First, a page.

When Bill Brown heads to Beijing this week as part of the Whistler Forum’s Harmony Project, he’ll be taking on a slew of responsibilities, from speechmaking to moderating panel discussions.
There are two key days written into the project’s week-long schedule, the first of which focuses on community planning as it pertains to universal accessibility and the second revolving around community leadership through sustainable tourism development.
“I’m going to talk about initiatives that the Resort Municipality of Whistler is undertaking to improve universal accessibility in the municipality,” said Brown, who works in community planning for the RMOW. “We’re not a supermodel community of universal access, but we are trying to become one.”
As proof, Brown points to initiatives in the athletes’ village, as well as programs like new curb cuts and universal pedestrian crossing lights the municipality is starting to install.
“The other thing is we’re trying to become a centre for accessible tourism. I went down to Winter Park, Colorado, which is the American centre for disabled sports training. We want to become the Canadian centre for Canadian sports training, not only at the league level, but for the young child who wants to try kayaking or skiing to the elite athlete. We see that as a unique market, and, with the Paralympics, we’ll have new facilities.”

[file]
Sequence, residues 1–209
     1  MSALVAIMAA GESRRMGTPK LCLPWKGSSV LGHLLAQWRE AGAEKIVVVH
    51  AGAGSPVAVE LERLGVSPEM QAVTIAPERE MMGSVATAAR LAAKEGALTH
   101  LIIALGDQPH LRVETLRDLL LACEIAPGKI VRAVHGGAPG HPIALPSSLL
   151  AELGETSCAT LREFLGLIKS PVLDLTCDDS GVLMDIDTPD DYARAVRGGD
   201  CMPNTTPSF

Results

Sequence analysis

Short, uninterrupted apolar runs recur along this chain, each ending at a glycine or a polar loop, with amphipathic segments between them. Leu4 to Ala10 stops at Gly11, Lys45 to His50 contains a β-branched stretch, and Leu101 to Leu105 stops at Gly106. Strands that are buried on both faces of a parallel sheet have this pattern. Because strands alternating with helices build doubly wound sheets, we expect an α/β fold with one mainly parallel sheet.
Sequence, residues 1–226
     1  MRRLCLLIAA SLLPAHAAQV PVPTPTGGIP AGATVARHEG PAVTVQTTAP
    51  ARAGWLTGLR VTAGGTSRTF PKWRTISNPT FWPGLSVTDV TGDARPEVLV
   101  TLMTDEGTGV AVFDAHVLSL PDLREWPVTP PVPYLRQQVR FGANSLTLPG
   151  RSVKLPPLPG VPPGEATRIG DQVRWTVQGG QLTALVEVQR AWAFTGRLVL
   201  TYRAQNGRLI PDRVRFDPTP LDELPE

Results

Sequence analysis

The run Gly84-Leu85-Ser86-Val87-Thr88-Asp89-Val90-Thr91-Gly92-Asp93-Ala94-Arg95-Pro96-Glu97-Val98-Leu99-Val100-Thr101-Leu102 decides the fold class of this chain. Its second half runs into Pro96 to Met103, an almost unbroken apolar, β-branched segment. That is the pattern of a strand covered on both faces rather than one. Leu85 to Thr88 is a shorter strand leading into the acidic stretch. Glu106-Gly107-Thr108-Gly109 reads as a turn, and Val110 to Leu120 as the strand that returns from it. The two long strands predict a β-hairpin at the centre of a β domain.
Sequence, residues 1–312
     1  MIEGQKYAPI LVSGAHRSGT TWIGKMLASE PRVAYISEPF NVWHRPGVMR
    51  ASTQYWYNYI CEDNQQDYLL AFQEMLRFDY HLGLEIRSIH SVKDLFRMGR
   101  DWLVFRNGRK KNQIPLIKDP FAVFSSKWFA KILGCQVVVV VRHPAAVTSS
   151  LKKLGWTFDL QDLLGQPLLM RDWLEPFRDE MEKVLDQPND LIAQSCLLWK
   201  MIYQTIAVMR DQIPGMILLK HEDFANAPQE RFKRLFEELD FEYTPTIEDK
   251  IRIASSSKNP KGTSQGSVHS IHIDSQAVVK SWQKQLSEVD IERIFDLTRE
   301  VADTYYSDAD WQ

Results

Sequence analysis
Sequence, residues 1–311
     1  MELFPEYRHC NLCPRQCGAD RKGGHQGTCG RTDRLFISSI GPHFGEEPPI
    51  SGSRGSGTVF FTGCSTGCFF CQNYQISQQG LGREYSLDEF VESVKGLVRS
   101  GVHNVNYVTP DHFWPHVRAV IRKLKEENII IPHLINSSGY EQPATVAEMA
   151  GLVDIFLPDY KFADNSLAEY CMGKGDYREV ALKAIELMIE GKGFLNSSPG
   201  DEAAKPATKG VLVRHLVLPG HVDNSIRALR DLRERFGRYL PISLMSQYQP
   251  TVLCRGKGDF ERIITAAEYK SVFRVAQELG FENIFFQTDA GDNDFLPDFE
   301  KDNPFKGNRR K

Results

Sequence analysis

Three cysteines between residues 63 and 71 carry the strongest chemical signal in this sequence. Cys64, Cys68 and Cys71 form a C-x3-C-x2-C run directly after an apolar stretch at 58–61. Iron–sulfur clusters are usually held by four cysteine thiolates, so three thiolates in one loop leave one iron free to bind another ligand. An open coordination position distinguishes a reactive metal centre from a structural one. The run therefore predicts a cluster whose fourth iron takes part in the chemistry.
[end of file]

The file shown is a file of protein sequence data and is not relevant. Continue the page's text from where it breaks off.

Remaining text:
After speaking on that subject, Brown will take over as moderator for a dialogue session on universal access.
On day two, he’ll be presenting Whistler 2020 to a Chinese audience.
“There’ll be our vision and goals, and how we went about creating Whistler 2020,” he said, “and how we implement it in our day-to-day practice, particularly from a planning perspective.”
The body of that talk will include descriptions of success. Whenever the planning department takes a recommendation to council, it includes a description of success in its report. That description explains how a given initiative moves Whistler closer to the 2020 vision — if, in fact, it does.
And then he’ll be assisting Greg McDonnell, executive director of the Whistler Community Services Society, with his presentation on cyclical economies.
“I’m going to focus on our new composter and how we’re trying to reduce our waste as much as possible. So I will talk primarily about turning sewage into compost.”
The Harmony Project begins Sept. 6, when over 20 people from the Sea to Sky corridor strike out for Beijing, where they’ll spend a week building relationships with individuals and organizations from the Middle Kingdom.